Cool sneakers on – hello New Work? Anni explains that it takes more than a pair of sneakers to establish New Work. In the beginning there is the work on your own personality.

As an HR professional, I now have an ambivalent relationship with the term New Work. There is the original New Work idea as a social utopia, there are very tangible and well-known New Work elements such as flexible working hours and locations, and there are countless conferences and stage events at which the coolest companies are awarded. New Work as the antithesis to Old Work. The question is: cool or uncool. An unwritten law states that sneakers are the only real footwear at New Work events, where people talk about “agile” and “remote work”. It all sounds great. But it´s actually about so much more. It is about the emancipation of the working person. And ultimately, it’s also about how this can change the economy.


Behind the shiny Buzzword front is often overlooked: New Work cannot be implemented but is a journey and the road is often rocky. But it is an opportunity to break out of the immaturity that has been perceived as normal in almost all sectors of the economy for years. In many companies – and perhaps not only there – people still talk as a matter of course about the “working level” and the “decision-maker level”. This apparently overlooks the fact that employees today should no longer be recipients of orders, but that much has changed since the industrial revolution.

Competitive advantages are no longer created by people doing work as quickly as possible and pushing buttons (computers and robots can do this better and faster anyway), but by people working together, by ideas and information coming together. In the best case, employees are ultimately hired because they can do what they do better than others. Because they are the experts in a field. Consequently, these experts should also be able and allowed to make decisions that affect their area of expertise – in other words, to assume responsibility. In contrast to the assumption of responsibility by each individual, leadership is also difficult to practice today. This is because leadership and decisions are necessary today in relation to people, tasks and innovations. If all this is to be accomplished by a leader who makes decisions for an entire team, he or she would have to be omniscient and possess superhuman abilities.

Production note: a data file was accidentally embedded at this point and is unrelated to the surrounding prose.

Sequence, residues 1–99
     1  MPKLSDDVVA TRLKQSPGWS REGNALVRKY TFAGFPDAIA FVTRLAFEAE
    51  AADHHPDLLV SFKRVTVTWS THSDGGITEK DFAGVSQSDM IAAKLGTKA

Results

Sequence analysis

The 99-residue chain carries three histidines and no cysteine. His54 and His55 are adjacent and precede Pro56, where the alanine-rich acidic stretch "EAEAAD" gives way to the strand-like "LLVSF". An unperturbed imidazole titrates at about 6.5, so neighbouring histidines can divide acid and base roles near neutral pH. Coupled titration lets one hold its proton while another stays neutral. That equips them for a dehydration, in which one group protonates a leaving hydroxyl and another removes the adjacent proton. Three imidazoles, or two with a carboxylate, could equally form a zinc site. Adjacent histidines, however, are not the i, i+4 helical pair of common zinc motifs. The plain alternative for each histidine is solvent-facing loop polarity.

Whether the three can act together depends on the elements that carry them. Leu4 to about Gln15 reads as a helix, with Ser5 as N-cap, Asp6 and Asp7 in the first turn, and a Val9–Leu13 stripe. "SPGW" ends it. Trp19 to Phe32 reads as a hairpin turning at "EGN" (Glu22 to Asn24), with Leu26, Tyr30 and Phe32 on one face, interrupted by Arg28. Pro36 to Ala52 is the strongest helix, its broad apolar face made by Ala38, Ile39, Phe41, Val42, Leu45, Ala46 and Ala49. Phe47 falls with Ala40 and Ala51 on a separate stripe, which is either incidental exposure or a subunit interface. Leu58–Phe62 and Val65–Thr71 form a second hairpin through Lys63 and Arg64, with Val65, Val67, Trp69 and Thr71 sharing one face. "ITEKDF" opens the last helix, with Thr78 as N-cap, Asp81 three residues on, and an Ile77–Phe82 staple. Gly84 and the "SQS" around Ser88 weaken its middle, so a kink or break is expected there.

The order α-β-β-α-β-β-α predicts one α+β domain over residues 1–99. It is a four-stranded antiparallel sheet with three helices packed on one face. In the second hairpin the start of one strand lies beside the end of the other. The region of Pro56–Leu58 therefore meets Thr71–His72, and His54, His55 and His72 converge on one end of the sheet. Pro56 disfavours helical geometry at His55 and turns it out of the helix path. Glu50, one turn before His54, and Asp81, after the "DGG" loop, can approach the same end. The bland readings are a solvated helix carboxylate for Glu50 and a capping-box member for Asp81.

New Work also means effort, because personal responsibility and freedom are principles whose full significance in the work context most of us have forgotten. We get in our own way, set limits for ourselves and first have to learn to perceive both again. This is not just a training during work, but work on our own personality. It is about making mistakes, reflecting, communicating and talking about our own communication. This process can only succeed if it is initiated and really wanted throughout the entire organization.


At the same time, New Work also has something liberating about it, because at its core it is also about people being allowed to be at work in their whole self. I don’t have to play a role or hide a part of my personality and what I “really, really want to do”. Because New Work also means employing people according to their strengths and needs and what drives them. People are seen as a whole again. This is likely to trigger similar feelings to the experience when the manager in the Corona Home Office video call is served a sandwich by his little son in between: “Oops, that’s a human being too!” If people themselves become the focus again and the other people in our everyday working lives, such as customers or suppliers, are also perceived as such, the entire economy will also change bit by bit. And that does not mean seeing people as selfish beings at the center of the world. Responsible action also includes social responsibility: for certain values and also for sustainable business.

So, in summary, wearing sneakers and attending New Work events does not even scratch the surface. New Work starts with each individual, with working on our personality and asking ourselves questions. Only when self-responsibility and freedom are once again principles that each individual as well as the organization follows, when making mistakes is explicitly allowed and communication is the most important tool, then New Work can begin.

Ann-Christin Klüppel Profile image

Ann-Christin Klüppel

People & Culture

Anni is responsible for human relations, organisational development, and stand up paddling.

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